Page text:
MILLINOCKET, Maine — The Town Council’s visit to Madison, postponed today due to the threat of bad weather, will be among several journeys councilors will likely take as they study the complex subject of public electric utilities.
Public electric utilities in Houlton and Van Buren are among the places councilors might visit besides Madison as they learn whether pursuing such a course in Millinocket is advisable, Town Manager Eugene Conlogue said.
“We are doing the preliminary gathering of information,” Conlogue said Tuesday. “After we get through that part of it, the council will decide how to proceed.”
Given the Katahdin region’s need for greater industry and the enticement provided by the lower electricity rates that public utilities generally charge, the council has agreed to study the issue. Millinocket already has hydropower dams and generation lines, and the proliferation of wind farms around the state is another factor.
Lincoln officials also are informally discussing formation of a public electric utility.
Conlogue might recommend that the council seek requests for proposals to hire a consultant to study the issue. The consultant would be required to list council options and make recommendations for the precise steps needed to install a public utility to serve Millinocket or a larger area.
Madison Electric Works sells electricity at 13 cents a kilowatt-hour, one of Maine’s lowest rates, and Backyard Farms LLC, one of the Somerset County town’s largest employers, started growing tomatoes in Madison in 2006 to take advantage of that. The company has 130 full-time workers at its 27-acre greenhouse, the largest greenhouse in New England. It will soon have a 19-acre greenhouse that will put about 175 workers on the payroll.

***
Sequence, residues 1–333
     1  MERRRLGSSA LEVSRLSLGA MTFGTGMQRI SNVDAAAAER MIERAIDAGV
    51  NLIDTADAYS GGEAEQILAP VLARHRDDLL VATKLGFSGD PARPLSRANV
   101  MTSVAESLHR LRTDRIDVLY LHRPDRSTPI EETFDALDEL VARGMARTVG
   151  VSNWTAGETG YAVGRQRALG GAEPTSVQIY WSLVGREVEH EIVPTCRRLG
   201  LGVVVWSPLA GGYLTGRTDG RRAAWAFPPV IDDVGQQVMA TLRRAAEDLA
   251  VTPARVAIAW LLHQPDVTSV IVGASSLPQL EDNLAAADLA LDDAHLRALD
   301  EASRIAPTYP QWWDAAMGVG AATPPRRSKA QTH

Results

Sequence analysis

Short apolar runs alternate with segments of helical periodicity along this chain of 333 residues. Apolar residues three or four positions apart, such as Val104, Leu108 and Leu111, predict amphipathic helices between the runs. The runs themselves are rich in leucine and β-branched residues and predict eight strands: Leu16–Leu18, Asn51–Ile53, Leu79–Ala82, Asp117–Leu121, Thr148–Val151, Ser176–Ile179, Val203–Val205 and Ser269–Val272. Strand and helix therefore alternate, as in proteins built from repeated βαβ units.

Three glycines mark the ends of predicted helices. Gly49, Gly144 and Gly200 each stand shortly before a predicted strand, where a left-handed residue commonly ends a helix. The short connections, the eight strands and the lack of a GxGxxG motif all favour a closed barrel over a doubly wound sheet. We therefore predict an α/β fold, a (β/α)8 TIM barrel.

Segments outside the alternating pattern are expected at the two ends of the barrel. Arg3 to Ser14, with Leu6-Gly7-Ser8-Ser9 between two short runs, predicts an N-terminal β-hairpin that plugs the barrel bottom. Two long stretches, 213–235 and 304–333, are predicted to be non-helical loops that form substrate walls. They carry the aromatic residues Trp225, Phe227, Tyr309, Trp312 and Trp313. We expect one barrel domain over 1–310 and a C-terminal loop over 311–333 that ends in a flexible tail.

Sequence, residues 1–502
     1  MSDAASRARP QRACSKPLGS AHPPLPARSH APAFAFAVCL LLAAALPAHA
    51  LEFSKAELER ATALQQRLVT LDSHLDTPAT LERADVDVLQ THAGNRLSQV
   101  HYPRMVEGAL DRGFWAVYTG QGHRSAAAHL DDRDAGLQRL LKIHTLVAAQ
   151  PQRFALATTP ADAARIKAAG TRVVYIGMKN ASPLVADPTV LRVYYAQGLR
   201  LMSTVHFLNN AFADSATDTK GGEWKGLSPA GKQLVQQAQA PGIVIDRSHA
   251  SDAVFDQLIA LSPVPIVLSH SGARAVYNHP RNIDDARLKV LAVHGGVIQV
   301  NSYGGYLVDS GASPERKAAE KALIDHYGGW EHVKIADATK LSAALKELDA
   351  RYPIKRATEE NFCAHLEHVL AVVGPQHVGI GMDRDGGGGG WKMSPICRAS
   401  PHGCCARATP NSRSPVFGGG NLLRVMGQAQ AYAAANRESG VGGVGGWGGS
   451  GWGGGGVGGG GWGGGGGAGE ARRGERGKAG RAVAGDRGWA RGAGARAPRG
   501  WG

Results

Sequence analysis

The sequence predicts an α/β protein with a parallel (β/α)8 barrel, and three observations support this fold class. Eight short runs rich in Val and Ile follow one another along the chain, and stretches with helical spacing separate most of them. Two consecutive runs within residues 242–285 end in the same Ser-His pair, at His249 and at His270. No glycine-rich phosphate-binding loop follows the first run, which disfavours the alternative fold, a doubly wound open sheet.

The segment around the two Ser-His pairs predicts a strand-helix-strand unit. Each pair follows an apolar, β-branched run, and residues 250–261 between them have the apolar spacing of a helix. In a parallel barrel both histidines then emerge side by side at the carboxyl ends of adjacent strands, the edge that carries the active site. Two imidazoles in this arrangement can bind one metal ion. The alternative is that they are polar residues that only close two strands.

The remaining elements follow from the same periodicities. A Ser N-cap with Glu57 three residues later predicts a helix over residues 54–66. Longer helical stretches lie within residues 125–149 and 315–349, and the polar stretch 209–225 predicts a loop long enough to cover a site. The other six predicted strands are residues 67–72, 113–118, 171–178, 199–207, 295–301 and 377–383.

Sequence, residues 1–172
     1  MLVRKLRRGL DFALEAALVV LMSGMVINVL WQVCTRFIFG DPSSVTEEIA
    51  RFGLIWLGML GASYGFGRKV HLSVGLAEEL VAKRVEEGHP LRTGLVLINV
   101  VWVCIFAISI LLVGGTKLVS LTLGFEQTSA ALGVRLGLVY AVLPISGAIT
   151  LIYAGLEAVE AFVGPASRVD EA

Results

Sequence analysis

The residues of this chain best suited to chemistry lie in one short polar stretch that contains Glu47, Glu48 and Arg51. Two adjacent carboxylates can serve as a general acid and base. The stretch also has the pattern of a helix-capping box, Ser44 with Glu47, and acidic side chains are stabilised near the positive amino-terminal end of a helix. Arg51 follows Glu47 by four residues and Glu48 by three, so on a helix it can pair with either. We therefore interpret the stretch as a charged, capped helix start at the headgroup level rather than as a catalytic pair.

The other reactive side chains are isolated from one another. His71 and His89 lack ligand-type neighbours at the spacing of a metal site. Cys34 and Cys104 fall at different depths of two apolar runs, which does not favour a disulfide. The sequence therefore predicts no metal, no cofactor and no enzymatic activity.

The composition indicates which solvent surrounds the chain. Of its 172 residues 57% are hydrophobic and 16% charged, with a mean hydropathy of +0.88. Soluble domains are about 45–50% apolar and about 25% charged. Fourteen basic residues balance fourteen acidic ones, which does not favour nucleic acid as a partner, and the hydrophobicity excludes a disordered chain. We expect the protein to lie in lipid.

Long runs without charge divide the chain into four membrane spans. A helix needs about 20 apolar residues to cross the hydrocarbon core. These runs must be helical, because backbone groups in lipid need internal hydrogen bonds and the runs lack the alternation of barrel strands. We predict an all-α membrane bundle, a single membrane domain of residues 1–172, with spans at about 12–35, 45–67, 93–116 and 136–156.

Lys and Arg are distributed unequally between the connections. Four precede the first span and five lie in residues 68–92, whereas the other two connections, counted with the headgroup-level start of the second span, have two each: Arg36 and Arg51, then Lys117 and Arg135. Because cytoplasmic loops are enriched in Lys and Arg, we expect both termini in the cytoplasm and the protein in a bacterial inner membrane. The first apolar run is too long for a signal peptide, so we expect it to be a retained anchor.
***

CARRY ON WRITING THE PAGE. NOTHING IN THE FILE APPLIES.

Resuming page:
Town officials will tour Madison Electric Works and also possibly visit Backyard Farms on Wednesday, Feb. 25, Conlogue said.
Resident Alyce Maragus is pleased the council is going to Madison. During Thursday’s council meeting, she gave a presentation that urged councilors to make job creation their top priority. Maragus applauded efforts of the newly formed Katahdin Area Recovery and Expansion Commission of officials from East Millinocket, Medway and Millinocket to stimulate the local economy.
“Unfortunately what I see is a concentrated focus on tourism and recreational activities, which supports a small portion of our community but encourages reliance on only one sector of our economy,” Maragus said.
Millinocket and the Katahdin region are home to some of the finest recreational snowmobiling in the nation and lots of other recreational activities. But it also is home to Katahdin Paper Co. LLC and its industrial campus, an industrial park, and manufacturers of heating boilers, kitchen cabinets, cheese spreads, furniture and other items.
An overabundance of grant money is available for snowmobile, ATV, biking and hiking trails, but “little or none” is set aside for job creation, Maragus said. She listed eight downtown businesses that have closed since the fall as an indication of how troubled the region’s economy is.
“It really hurts me to see this,” Maragus said. “People here are really struggling.”